Studies of Christ in Glory
Purchased on the Seligman Charitable Trust Fund, 2013
A NEWLY DISCOVERED DESIGN FOR AN ALTARPIECE
This recently discovered sheet has been attributed to Carreño de Miranda, an artist who succeeded Velázquez as the most talented portrait painter in Madrid. The energetically described Christ borne aloft by putti recalls the composition of Carreño's altarpiece depicting the Mass of St. John of Matha, commissioned by the Trinitarian order for their new monastic church in Pamplona. Since Carreño is less known as a draftsman and few examples of his work in ink and wash survive for comparison, it leaves open the possibility that this study was executed by another Spanish, or even Italian, artist.
From the sixteenth to nineteenth centuries, Spain witnessed the rise of the Catholic Church along with the flourishing of court artists who explored deeply spiritual visions. Concurrently, the nightmare of the Inquisition drove artists to probe the darker side of human nature through scenes of martyrdom and torture. Drawing played a central role in their conception of these diverse subjects—from Murillo's preparatory studies for painting commissions to Goya's private albums satirizing contemporary society. In addition to this rich tradition in Spain, Spanish artists also worked abroad, notably in Naples, which was a Spanish territory.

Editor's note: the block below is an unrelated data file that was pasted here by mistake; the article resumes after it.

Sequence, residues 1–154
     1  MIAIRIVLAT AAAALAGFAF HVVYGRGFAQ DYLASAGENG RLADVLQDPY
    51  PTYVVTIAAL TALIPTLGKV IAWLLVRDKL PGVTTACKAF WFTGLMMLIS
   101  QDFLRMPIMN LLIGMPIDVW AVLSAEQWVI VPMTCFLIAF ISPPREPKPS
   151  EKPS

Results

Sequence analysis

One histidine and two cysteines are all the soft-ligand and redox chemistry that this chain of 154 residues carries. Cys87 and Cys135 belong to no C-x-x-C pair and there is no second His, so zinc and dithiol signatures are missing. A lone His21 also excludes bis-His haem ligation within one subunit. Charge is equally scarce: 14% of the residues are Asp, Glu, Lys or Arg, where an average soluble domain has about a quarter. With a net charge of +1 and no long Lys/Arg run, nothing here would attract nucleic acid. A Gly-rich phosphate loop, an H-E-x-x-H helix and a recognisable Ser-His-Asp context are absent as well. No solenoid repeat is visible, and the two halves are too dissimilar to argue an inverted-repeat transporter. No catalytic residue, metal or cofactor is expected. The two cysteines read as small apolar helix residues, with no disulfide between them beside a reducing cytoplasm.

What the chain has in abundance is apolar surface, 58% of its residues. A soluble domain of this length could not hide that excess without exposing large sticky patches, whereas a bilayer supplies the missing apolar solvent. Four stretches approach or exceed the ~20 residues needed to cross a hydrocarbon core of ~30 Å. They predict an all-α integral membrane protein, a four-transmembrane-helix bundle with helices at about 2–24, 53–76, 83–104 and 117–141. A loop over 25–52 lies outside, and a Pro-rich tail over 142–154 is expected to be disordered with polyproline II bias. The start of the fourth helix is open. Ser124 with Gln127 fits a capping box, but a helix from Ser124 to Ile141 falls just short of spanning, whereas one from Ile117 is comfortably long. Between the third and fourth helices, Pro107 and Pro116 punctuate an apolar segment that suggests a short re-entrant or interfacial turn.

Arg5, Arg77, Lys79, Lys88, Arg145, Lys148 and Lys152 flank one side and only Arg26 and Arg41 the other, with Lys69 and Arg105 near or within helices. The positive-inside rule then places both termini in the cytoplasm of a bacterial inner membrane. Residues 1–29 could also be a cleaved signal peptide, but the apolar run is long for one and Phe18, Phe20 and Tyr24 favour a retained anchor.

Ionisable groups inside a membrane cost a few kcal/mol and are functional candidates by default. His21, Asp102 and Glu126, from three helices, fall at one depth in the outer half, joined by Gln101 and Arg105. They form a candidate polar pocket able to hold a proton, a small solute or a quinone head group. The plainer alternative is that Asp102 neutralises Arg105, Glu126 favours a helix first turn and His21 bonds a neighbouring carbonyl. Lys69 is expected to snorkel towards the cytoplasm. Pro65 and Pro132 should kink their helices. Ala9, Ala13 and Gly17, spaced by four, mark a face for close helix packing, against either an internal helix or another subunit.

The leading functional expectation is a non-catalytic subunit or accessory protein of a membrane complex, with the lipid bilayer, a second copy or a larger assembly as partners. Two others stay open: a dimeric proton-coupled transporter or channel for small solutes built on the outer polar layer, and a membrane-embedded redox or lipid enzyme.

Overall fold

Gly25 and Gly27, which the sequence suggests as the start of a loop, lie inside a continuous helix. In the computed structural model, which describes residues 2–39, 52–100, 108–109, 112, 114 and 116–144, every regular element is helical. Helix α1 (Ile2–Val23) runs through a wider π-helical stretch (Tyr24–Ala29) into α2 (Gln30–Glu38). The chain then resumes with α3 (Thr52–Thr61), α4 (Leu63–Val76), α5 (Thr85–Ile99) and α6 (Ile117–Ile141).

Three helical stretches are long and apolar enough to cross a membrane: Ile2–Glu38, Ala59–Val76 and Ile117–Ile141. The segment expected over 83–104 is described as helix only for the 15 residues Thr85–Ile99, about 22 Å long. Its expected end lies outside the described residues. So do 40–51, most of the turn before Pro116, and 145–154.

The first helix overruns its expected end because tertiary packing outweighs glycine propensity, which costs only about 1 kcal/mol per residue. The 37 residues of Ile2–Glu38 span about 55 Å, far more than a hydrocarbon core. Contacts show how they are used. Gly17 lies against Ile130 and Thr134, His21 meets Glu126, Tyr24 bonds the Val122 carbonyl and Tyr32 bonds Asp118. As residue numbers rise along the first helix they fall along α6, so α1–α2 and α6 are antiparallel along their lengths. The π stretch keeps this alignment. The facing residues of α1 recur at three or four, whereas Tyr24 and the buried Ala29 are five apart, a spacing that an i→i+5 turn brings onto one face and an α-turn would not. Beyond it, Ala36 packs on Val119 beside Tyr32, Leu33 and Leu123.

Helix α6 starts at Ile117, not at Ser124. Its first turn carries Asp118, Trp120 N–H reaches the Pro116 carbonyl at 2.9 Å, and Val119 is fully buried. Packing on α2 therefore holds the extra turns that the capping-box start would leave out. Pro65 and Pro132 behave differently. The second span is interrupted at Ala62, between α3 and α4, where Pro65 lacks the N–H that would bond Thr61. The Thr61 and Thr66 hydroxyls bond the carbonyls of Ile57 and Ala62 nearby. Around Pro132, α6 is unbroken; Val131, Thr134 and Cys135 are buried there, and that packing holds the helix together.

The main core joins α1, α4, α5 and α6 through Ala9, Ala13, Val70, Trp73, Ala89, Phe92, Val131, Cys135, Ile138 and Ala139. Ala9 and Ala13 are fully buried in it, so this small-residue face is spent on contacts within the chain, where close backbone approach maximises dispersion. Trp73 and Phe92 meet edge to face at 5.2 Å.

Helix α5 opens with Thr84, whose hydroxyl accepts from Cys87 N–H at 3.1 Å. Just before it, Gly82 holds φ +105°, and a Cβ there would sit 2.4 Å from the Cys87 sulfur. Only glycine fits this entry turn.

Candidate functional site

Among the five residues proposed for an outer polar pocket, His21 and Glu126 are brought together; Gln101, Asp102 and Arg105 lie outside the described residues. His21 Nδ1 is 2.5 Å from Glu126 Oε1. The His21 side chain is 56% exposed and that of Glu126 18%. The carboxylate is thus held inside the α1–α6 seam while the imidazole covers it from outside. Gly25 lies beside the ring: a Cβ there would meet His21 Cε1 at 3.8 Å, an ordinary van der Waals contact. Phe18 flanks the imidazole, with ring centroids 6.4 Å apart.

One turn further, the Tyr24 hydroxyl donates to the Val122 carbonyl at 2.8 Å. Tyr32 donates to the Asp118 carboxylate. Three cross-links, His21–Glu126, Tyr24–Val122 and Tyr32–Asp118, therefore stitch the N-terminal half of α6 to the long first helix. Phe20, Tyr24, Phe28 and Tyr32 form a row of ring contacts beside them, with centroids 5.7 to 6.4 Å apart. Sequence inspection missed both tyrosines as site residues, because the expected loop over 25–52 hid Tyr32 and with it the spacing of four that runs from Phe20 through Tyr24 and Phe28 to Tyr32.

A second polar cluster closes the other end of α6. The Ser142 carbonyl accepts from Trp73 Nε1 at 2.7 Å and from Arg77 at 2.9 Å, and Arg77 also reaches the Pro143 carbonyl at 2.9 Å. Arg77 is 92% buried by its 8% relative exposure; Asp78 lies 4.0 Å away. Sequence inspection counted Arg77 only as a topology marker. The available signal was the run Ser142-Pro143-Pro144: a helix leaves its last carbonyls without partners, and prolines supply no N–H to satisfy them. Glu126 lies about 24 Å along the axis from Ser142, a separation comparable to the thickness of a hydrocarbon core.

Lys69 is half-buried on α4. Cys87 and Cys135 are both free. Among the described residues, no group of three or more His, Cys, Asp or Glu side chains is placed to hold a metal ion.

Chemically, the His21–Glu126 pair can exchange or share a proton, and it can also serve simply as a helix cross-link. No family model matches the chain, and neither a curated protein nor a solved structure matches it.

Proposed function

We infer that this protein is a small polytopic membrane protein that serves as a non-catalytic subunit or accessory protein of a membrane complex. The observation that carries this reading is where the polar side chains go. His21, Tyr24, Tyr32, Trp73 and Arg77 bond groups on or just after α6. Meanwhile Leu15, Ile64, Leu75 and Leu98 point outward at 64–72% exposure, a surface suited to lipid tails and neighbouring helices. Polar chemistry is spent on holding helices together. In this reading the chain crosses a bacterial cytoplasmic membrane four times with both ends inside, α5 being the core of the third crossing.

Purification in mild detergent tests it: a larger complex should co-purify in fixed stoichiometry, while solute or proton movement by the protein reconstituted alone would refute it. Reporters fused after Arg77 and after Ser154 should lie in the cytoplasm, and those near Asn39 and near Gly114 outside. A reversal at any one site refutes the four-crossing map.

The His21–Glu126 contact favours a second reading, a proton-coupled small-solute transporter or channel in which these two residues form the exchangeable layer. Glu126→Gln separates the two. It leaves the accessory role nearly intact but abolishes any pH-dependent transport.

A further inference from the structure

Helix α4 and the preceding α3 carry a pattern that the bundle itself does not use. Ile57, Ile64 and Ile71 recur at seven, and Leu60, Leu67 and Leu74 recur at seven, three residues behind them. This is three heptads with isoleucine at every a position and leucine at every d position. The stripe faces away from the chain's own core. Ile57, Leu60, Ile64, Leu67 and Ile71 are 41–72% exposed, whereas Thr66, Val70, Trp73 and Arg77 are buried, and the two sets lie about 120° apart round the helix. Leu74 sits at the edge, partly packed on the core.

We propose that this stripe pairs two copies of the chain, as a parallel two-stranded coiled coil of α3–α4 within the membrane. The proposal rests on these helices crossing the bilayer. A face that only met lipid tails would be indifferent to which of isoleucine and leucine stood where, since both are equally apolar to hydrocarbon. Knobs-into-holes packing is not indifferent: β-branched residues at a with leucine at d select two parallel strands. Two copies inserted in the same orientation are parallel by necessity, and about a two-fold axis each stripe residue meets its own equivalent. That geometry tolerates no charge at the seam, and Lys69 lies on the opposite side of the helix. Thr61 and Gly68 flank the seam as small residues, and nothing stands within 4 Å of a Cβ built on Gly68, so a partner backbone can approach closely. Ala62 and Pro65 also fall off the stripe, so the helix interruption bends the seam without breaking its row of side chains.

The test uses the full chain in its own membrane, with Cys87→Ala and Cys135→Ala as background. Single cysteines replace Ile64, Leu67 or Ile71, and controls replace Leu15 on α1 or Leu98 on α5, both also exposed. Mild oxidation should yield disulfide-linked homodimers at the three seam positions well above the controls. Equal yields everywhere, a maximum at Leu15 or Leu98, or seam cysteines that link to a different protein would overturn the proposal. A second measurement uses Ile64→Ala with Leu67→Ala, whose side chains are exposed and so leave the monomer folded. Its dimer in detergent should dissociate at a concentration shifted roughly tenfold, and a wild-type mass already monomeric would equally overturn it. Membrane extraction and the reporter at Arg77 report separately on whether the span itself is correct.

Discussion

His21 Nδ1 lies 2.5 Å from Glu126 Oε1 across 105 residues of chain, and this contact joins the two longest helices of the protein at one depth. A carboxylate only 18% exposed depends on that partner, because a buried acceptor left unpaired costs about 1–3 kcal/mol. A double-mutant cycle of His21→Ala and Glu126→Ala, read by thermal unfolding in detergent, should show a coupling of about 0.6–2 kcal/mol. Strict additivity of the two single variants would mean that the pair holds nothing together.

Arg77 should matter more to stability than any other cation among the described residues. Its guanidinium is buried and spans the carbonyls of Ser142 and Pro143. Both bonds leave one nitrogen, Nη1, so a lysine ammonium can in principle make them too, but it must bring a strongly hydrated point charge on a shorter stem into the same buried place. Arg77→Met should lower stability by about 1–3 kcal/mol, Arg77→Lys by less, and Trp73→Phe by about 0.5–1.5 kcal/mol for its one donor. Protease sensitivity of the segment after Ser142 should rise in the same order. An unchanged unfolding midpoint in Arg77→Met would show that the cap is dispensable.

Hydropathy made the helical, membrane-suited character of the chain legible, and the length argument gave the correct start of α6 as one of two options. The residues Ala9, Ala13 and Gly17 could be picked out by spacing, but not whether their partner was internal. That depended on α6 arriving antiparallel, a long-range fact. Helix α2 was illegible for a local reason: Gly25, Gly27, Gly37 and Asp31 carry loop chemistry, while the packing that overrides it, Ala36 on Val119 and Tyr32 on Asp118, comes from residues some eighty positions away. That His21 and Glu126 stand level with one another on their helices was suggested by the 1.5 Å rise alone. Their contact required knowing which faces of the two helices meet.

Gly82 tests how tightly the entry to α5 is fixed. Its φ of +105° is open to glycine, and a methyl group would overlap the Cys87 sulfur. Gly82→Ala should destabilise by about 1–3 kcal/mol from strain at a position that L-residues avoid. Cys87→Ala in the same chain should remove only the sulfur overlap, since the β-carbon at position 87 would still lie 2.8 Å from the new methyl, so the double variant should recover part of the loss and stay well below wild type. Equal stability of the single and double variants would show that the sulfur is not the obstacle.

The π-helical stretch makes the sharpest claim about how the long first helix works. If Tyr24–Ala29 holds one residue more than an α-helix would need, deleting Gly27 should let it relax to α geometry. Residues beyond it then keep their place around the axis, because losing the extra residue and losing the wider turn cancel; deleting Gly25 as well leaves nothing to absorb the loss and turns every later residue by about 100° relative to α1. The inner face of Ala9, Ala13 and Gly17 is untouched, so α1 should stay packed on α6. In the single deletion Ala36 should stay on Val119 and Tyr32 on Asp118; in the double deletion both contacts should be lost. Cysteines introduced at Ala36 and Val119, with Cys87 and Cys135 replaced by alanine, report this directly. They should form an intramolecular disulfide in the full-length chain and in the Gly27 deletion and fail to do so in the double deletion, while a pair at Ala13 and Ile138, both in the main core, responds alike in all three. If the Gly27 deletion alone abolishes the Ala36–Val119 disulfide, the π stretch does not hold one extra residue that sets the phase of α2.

Visions and Nightmares marks the first exhibition of Spanish drawings at the Morgan, whose holdings in this area are small but significant. Showcasing over twenty sheets by Spanish artists spanning four centuries, this selection traces the shifting roles and attitudes toward the art of drawing in Spain.
This online exhibition was created in conjunction with the exhibition Visions and Nightmares: Four Centuries of Spanish Drawings, on view January 17 through May 11, 2014 and organized by Edward Payne, Moore Curatorial Fellow.
This exhibition is made possible by the A. Woodner Fund.